Why there are so many species of serpent

California News Times

NSHE CenozoicThe era of Earth’s history since the collision of asteroids 66 meters ago ended the reign of dinosaurs is often referred to as the era of mammals. And mammals did succeed in scrambling to fill the ecological niche suddenly emptied by the catastrophe. There are currently about 6,500 species of mammals. However, several other groups were successful as well. Birds (technically, dinosaurs are rarely thought of by their ancestors) are home to about 11,000 species. There are 7,000 lizards.

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And there is yet another set of terrestrial vertebrates that thrived after the collision, but sadly ignored by zoologists. These are snakes. With nearly 4,000 representatives, it is not as unique as mammals. But they are not too late.

The success of snakes is intriguing. Phylogenetically, they are actually a group of lizards that have lost their legs, much like birds are wing-germinated dinosaurs. But the success of birds is not surprising. They were the only dinosaurs to master the flight. In contrast, partial or total lameness has evolved more than dozens of times in lizards. Still, with the exception of snakes, every time they abandoned their limbs, there were only a handful of modern representatives.

In a study just published in PLOS biologyMichael Grundler of the University of California, Los Angeles and Daniel Rabosky of the University of Michigan shed light on this issue. They say that the unique success of snakes among legless lizards is the result of a significant diversification of their diet made possible by a new group of animals that thrived after the death of (non-avian) dinosaurs. Insist. To support their theory, they have compiled information on the diet of 882 modern snake species. We then mapped this to the best available understanding of the snake family tree.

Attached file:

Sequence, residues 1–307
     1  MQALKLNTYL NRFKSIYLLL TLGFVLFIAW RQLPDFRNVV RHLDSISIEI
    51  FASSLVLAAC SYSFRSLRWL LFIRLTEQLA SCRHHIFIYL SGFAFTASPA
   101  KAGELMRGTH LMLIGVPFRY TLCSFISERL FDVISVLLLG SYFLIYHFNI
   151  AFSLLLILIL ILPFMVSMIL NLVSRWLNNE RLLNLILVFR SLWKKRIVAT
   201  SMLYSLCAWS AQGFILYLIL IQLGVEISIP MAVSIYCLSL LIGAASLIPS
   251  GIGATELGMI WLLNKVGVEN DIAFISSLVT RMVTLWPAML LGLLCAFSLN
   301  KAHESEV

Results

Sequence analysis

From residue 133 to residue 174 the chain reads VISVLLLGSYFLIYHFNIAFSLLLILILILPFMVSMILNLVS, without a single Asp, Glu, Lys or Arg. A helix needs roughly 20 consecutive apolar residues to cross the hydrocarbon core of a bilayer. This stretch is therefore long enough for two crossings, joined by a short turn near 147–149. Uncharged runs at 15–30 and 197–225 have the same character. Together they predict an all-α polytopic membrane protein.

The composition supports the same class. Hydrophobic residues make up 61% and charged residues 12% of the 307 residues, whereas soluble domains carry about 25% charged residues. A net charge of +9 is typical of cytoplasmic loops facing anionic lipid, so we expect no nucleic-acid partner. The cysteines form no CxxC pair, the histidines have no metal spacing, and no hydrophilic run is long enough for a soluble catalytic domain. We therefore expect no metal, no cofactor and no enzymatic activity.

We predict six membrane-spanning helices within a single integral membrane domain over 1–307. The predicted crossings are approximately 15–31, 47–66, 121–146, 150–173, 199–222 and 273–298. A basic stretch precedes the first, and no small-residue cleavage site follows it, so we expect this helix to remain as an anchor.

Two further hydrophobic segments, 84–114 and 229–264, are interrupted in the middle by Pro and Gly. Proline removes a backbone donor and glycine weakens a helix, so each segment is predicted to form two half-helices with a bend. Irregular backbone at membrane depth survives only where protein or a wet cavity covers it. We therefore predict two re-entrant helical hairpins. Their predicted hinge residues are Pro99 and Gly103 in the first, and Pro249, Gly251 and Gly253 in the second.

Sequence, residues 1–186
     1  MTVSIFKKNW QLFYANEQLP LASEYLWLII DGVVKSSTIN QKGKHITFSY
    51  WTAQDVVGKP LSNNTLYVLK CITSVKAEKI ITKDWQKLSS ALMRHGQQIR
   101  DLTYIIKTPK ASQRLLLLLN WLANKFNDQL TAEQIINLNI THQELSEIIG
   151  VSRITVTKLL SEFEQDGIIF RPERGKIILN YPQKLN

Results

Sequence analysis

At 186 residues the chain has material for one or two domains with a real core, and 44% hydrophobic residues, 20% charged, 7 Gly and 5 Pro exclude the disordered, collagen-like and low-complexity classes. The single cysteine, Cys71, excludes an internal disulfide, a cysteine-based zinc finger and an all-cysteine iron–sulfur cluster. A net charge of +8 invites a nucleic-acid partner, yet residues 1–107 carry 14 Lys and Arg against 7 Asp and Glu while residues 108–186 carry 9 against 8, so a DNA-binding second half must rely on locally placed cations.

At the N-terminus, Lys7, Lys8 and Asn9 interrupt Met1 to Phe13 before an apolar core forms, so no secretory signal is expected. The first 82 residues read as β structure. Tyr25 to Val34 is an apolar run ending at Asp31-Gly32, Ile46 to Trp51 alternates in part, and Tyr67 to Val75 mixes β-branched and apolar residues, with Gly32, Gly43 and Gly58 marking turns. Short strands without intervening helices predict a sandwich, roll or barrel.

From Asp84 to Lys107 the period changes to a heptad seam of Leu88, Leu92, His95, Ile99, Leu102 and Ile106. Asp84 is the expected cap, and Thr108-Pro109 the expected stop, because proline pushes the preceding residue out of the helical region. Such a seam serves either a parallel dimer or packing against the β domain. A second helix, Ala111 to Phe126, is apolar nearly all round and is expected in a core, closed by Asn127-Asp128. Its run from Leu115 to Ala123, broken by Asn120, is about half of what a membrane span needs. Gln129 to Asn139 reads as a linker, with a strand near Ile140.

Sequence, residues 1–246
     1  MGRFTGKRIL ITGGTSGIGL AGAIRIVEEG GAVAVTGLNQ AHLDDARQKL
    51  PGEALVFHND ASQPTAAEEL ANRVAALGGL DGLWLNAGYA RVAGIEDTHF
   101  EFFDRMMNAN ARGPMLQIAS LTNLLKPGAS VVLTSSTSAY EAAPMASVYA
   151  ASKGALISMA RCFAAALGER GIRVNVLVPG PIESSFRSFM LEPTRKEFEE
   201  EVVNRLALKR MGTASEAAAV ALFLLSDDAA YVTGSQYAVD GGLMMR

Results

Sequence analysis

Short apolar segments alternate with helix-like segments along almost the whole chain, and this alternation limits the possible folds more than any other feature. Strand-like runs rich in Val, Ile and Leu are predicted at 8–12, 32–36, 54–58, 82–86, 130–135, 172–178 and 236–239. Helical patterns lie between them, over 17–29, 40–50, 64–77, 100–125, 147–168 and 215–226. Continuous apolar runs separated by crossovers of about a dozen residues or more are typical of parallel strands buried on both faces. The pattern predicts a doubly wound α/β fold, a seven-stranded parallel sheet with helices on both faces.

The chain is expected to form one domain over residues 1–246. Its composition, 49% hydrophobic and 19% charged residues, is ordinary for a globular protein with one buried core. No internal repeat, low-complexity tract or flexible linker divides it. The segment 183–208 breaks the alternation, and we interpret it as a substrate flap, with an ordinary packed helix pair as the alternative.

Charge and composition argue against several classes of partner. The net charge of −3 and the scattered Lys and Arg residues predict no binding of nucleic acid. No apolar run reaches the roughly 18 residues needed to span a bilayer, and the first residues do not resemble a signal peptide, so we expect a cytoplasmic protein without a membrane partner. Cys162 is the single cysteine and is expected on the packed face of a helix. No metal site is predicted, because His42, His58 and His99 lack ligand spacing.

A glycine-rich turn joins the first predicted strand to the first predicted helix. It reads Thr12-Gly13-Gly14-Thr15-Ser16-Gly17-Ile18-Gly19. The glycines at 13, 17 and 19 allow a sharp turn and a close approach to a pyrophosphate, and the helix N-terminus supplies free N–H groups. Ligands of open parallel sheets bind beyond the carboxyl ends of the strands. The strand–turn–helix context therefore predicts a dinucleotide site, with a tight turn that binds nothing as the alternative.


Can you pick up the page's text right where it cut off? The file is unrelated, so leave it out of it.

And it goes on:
The oldest snake fossil dates back to the Middle Jurassic, about 170 meters ago. These snakes were predators of invertebrates, mainly insects. Therefore, their diet was consistent with that of most other groups of limbless lizards currently alive. But more than 100 million years ago, as the graph shows, Dr. Grundler and Dr. Rabosky’s analysis suggests that some snakes have begun to eat other lizards. This dietary change was probably made possible by the evolution of what was considered a snake killer app at the time. This corresponds to a bird’s feather, if necessary. This disengages the lower jaw from the upper jaw, giving it the famous ability to swallow whole prey. Then, about 75 meters ago, some snakes began adding other small vertebrates, such as frogs, to their diet.

But it was just an overture. As the graph shows, the diversification of the Ophidian’s diet actually progressed during the so-called Eocene, which began 10 million years after the death of the dinosaurs and 56 million years ago. Many groups of animals now familiar first appeared during the Eocene (including the most modern orders of mammals). Snakes that prey on this diversity have diversified accordingly and developed the infamous poison-like hunting tricks. As a result, there are a large number of chunky snakes found today. ■■

This article was published in the printed version of the Science and Technology section under the heading “Snakes alive!”.


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